What to Use as Tags for Your Blog Posts

When adding labels/tags to blog posts, which do you think are necessary? Do you think it’s necessary to have a label for every book series mentioned on the blog, etc, such as ‘Divergent’ ‘The Hunger Games’? I’ve had my blog for a few years but am only now adding labels and tags.

In case you don’t already know, it’s important to realize that tags/labels don’t impact your SEO whatsoever. So, that means tags are really only used for one main purpose: to draw relationships between posts and for organizing your blog.

Use tags to connect similar posts

So if you tag a post with “Divergent”, I can click on that tag link to see every single post tagged with “Divergent”. If I click that link, it means I want to read about Divergent or see all the places where Divergent was mentioned. Using this logic, you should focus on the important or prominent ideas/topics/books/authors in a post.

Tags in book reviews

I personally focus on a couple things when tagging my book reviews:

  • Book title
  • Author
  • Series name
  • Genres
  • Themes/topics in the book (bad boys, love triangles, etc.)

You can also add in publishers if you want. The only reason I don’t tag with publishers is because I have a custom taxonomy for my publishers. Example: HarperCollins. They’re essentially tags, but only for publishers.

Tags in discussions posts

Now let’s look at some example tags for discussion-type posts. Think about what the topic of the post is and draw out some of the key ideas. I find it helpful to think about the tags you already have in your database and see if any of those fit. Tags aren’t any use at all if you have hundreds of tags that are only used once. The idea is to connect posts together, so you want tags to be used more than once.

For this post, I’ve chosen to use three tags: Tags, Organization and Blogging.

This post is about using tags, so Tags is an obvious choice. But what is tagging all about? Organizing your blog. So that’s where Organization comes in. And finally, none of this would apply if it weren’t for the simple act of Blogging.

Don’t try to cram in every keyword imaginable

You won’t really benefit from adding in 100 tags. That would probably just result in you having hundreds of tags that are only used once, which is what you don’t want. Simply focus on the important, key topics. And finally, try to reuse tags as much as possible.

Photo of Ashley
I'm a 27 year old California girl living in England (I fell in love with a Brit!). I like to inject a little #girlpower into the WordPress development community by teaching women how to be coding badasses. more »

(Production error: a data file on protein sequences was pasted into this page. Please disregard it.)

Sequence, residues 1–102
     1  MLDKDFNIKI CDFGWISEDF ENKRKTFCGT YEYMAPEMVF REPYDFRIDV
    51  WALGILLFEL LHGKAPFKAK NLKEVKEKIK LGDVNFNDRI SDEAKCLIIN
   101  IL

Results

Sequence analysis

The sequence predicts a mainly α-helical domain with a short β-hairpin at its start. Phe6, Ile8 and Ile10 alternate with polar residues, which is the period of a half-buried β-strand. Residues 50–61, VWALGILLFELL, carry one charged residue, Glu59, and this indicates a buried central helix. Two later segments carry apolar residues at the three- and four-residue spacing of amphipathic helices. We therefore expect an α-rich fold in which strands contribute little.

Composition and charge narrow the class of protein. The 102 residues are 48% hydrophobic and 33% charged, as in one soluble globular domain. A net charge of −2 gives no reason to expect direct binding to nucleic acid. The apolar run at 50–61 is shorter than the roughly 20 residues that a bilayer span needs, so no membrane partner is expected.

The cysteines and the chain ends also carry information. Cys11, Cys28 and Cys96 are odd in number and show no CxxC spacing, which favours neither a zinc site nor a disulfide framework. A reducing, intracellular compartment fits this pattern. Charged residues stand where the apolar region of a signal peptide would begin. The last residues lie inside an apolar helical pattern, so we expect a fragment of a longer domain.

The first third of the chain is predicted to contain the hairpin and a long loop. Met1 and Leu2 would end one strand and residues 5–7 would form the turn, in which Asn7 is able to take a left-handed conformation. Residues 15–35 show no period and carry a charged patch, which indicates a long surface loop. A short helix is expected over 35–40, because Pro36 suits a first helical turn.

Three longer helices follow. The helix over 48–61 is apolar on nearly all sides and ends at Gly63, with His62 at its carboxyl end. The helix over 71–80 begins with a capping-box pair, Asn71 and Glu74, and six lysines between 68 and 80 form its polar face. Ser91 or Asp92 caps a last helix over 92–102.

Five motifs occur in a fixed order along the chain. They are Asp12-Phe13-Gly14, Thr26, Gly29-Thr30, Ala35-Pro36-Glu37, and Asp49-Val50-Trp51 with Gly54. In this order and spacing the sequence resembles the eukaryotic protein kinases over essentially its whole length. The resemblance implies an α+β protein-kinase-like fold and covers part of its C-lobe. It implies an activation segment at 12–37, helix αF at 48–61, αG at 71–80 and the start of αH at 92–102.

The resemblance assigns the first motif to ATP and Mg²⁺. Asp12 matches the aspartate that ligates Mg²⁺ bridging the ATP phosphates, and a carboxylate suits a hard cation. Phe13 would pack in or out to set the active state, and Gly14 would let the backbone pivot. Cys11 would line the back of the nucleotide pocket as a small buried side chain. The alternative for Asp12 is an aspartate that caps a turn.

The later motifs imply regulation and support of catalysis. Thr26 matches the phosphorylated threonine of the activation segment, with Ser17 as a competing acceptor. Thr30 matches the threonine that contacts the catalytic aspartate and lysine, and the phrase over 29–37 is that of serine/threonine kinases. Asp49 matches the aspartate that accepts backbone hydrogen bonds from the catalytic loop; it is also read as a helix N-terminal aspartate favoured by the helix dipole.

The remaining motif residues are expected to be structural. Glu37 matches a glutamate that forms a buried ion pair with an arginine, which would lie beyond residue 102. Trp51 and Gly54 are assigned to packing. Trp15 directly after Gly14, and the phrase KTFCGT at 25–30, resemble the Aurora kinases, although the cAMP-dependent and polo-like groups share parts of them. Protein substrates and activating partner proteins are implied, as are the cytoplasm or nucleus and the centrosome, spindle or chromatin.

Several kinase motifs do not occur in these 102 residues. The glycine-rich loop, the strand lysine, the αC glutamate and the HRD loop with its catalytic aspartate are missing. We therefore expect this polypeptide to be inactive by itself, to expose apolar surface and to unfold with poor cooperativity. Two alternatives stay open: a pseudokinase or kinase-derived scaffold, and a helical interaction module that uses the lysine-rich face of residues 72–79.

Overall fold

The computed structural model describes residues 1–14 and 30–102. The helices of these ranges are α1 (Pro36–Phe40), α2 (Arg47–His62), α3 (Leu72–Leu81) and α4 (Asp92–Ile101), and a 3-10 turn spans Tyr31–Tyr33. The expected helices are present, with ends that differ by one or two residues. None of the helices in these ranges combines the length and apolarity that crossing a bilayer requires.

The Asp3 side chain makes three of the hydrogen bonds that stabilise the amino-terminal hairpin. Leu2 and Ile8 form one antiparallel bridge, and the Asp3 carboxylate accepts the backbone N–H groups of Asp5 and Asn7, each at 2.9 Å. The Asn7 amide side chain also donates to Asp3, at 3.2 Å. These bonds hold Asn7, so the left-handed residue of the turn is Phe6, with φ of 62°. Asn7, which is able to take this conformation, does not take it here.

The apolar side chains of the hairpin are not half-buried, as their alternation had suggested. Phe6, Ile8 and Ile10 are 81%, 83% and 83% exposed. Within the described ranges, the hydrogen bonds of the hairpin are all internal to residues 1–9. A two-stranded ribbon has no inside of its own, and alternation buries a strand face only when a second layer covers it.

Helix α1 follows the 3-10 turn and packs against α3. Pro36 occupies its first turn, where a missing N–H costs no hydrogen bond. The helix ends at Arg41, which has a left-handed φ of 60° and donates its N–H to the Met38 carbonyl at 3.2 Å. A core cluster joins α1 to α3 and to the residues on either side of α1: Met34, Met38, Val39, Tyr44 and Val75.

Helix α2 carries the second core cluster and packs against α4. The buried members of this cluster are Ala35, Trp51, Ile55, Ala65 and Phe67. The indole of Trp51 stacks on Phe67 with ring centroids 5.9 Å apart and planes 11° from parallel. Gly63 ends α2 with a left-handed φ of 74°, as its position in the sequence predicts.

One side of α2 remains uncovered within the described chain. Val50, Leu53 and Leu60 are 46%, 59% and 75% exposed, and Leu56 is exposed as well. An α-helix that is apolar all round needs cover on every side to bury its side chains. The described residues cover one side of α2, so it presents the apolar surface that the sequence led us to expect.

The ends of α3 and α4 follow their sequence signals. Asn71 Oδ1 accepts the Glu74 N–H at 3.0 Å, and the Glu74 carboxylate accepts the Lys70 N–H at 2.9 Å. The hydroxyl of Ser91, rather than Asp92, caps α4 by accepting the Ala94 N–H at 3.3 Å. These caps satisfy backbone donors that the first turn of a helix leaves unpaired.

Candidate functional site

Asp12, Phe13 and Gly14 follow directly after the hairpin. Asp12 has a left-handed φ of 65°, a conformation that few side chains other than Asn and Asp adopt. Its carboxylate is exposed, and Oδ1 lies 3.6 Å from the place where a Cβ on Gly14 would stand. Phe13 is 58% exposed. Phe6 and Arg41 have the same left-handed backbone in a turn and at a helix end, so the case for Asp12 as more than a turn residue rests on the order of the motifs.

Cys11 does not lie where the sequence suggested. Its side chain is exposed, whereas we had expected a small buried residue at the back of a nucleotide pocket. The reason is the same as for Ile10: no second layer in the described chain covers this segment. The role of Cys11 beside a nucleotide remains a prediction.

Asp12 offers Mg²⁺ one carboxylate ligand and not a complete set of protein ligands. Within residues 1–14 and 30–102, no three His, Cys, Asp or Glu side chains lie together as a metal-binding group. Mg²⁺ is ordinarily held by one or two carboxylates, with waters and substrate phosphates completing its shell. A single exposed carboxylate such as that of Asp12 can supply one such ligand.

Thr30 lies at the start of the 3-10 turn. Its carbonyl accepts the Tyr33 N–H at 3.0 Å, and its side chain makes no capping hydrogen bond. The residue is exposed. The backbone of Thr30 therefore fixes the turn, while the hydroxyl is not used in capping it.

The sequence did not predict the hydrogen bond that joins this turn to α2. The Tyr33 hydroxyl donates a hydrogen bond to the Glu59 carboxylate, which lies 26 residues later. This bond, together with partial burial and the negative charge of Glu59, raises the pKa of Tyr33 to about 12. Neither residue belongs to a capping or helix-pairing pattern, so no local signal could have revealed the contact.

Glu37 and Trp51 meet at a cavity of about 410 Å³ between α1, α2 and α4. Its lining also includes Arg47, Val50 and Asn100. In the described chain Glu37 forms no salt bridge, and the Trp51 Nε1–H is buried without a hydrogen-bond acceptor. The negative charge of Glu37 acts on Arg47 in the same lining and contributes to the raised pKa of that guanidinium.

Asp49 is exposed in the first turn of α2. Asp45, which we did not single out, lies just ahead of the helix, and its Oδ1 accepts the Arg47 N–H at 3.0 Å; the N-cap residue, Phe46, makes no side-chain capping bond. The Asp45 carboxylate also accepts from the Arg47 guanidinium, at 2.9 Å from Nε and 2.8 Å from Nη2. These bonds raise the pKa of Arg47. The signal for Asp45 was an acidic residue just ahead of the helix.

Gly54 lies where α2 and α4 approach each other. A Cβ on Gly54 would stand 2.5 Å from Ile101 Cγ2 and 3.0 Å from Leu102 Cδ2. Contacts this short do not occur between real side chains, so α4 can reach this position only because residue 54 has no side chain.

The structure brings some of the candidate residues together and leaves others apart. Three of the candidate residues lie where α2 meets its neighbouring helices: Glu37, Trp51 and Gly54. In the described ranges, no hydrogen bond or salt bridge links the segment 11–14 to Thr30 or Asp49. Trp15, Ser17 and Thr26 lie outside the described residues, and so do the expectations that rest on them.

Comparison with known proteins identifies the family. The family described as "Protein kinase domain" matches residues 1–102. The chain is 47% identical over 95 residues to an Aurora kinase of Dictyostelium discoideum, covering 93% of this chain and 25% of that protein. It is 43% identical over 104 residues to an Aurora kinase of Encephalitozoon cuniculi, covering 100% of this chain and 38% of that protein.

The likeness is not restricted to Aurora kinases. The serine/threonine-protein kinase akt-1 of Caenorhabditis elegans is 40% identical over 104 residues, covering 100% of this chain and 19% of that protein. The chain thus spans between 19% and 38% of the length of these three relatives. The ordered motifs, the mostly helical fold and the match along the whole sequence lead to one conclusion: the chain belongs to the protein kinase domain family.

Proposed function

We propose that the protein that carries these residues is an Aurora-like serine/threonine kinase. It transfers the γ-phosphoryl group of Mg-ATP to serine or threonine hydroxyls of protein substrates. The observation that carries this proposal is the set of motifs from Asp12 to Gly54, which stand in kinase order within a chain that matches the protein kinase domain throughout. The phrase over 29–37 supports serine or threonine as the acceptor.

Don't miss my next post!

Sign up to get my blog posts sent directly to your inbox (plus exclusive store discounts!).

You might like these

Leave a Reply

(Enter your URL then click here to include a link to one of your blog posts.)


  1. I tend to add a lot of different tags to my posts as I also thought it would help with getting those be found when using a search engine. But when you mention they are mostly to group posts of the same topics, some of the tags I am using seem irrelvant suddenly. Thanks for explaining this! This will certainly make me think more about which tags to add to my posts in the future!

    Lola recently posted: Sunday Post #91
    1. Nope! Google (and other search engines) stopped using tag-like keywords many years ago. It used to be common practice for you to put tags in a meta tag in your header and that’s how search engines would find relevant content, but they removed that because it was so heavily abused. People would add in keywords that actually had nothing to do with the post/page just so they would rank for that keyword.

      Now search engines are smarter and actually analyse the post itself to determine how to rank. So keywords (in the sense of literally just adding tags or meta tags) don’t affect SEO at all.

      The only way to use keywords these days is to incorporate them in your post. So if you want to be ranked for “Dark Days Tour 2015” then you have to use those terms constantly throughout your post, especially in heading tags (i.e. <h1>Dark Days Tour Schedule for 2015</h1>).

      But just tagging your post with keywords/labels doesn’t affect SEO. It’s all about the content of the post itself and how you code/structure it.

  2. Truthfully I’ve never been much of a tagger (er…wrong word, maybe?). All of my older posts are untagged simply because I relied on categories to do a lot of the work for me, but now that I’ve cut down my categories and simplified them they’re not doing what tags could do. I’m not looking forward to going back and tagging posts but it might be a good idea. ๐Ÿ˜› Awesome post!

    Sydney recently posted: The Rating Dilemma
  3. Is there anything wrong with having a lot of tags? I tag everything so I can find them myself in the search bar. I don’t have the tags appear on my blog page though so others do have to deal with the clutter. I am just curious if having a lot of tags hurt anything? Plus I think the tags help linkwithin find similar posts to put under a post.

    1. I don’t use Blogger, but I’m pretty sure the search bar doesn’t actually rely on tags at all. It uses the content in the posts.

      But no, there’s nothing particularly wrong with having a ton of tags.

  4. This is a really helpful post. I’ve always struggled with how to effectively use tags. I never knew what would be a relevant tag and why. And, I had NO IDEA tags weren’t used in SEO, but after reading your explanation to Julie it makes a lot of sense. This has given me some ideas on how to tag posts going forward, and I think I might actually take some time to clean up all of my current tags. Thank you, thank you!

    Jackie recently posted: The Mood Reader

Recent Posts

    Random Posts